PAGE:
High school senior year was about eight years ago for me. I still remember the stress of college applications and career choices.

I grew up in an area where there weren’t a lot of people who were African-American like myself, and my K-12 schooling was done at a predominantly white institution. I had my heart set on attending University of Michigan, and I was so focused on getting into the school that I didn’t want to consider any other options. I remember my counselor saying that I should consider a historically black college/university (HBCU) after graduation, knowing that being an honor student and being involved in clubs would make me a good candidate for these schools. But in the classroom, I was often the only Black student in the room, so I didn’t hear perspectives on HBCUs from my peers.

I wasn't sure that I wanted to attend a college of predominantly Black students, based on the microaggressions I received from Black peers in high school. I was called strange for being different by both Black and white students. With white students, they mentioned that even though I was Black, I "sounded white." With Black students, I often heard that I wasn't Black enough. Those microaggressions made it hard to be social with other people, and the idea of not fitting in at a primarily Black school freaked me out.

I didn’t know about HBCUs such as Florida A&M University or Clark Atlanta University growing up, and even though I’m thankful for having a family that would educate me on things, I don’t feel that I asked enough questions. Because of that, I shot down my counselor’s idea and attended University of Michigan-Flint. But looking back on things, I have to say I missed out on a major experience attending an HBCU. If I could go back in time, I would tell myself to at least do the research and consider it. For example, I didn’t know about the scholarship opportunities for those institutions that I could have received for being an honor student in high school.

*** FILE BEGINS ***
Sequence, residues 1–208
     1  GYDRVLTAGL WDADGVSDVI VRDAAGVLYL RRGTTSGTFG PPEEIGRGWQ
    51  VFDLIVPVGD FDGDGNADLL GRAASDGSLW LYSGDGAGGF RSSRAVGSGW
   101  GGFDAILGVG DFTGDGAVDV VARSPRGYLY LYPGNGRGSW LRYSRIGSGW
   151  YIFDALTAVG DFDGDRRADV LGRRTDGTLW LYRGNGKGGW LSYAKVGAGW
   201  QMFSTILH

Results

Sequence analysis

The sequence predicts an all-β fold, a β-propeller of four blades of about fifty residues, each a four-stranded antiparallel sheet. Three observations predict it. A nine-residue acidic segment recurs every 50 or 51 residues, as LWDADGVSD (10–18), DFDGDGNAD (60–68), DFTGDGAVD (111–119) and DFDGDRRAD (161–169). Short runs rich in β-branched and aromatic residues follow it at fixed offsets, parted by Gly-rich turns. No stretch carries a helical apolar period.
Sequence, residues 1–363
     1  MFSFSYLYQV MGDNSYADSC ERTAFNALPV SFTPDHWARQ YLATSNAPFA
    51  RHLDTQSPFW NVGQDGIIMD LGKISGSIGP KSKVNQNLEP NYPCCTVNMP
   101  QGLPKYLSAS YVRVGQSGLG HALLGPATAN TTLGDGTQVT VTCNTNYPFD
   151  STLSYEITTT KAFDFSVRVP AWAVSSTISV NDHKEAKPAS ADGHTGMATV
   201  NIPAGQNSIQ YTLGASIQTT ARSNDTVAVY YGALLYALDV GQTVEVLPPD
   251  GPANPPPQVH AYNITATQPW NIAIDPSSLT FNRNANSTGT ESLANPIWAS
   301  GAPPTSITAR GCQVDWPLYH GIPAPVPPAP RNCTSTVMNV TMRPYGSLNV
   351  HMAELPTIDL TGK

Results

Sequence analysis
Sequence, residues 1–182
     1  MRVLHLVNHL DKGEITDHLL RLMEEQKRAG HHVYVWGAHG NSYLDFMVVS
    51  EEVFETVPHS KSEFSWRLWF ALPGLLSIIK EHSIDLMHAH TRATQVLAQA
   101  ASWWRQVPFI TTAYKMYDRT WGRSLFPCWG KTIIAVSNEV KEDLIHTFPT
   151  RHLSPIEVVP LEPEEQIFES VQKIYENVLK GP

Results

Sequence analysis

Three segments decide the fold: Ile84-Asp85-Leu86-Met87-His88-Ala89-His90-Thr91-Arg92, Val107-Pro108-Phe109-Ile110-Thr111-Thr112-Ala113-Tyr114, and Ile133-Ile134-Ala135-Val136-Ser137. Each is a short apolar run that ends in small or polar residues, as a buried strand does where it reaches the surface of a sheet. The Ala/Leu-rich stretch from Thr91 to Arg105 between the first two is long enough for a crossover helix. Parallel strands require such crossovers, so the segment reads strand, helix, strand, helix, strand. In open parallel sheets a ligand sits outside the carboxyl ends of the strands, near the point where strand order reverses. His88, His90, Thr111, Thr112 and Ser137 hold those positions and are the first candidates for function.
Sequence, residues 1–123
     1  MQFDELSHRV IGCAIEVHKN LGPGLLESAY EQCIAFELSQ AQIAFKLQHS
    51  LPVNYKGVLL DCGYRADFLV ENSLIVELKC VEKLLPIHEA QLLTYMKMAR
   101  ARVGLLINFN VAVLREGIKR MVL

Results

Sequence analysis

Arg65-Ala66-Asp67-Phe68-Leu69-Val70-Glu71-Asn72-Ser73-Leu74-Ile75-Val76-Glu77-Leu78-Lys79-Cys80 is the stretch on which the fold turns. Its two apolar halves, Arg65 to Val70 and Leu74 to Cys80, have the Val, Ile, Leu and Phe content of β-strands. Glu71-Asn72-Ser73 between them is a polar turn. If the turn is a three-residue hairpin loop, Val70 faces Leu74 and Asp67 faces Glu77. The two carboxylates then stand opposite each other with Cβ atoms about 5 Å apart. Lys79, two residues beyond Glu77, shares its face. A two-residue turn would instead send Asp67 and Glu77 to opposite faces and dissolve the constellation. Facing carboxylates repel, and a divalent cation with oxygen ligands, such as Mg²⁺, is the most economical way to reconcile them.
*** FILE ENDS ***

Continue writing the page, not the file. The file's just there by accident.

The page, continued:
In my current role as an AdviseMI college adviser at Hamady High School, I have helped several students do virtual visits with HBCUs. I now see that I could have been accepted into those universities with merit scholarships. I also feel strongly that I would have had a better experience in the classrooms, as it would have been the first time I was in a room predominantly filled with other educated Black people. I would have had more professors who valued my perspective and my opinions. I feel I would have had a more stable and supportive environment provided by the staff. It would have been the first time I established a connection with other Black students and felt acceptance. I could have learned more about the African diaspora, and I could have built solid networks to draw from after graduation.

HBCUs are valuable because they provide Black students a collection of safe spaces to be themselves, be expressive, and learn about who they are.

 I understand through my work and experiences that Black students need these kinds of spaces for opportunities and growth. I’m determined, since I missed out on an HBCU experience during undergrad, to attend one for grad school. I have yet to choose which one, but I know it will be a rewarding experience, and I’m looking forward to it.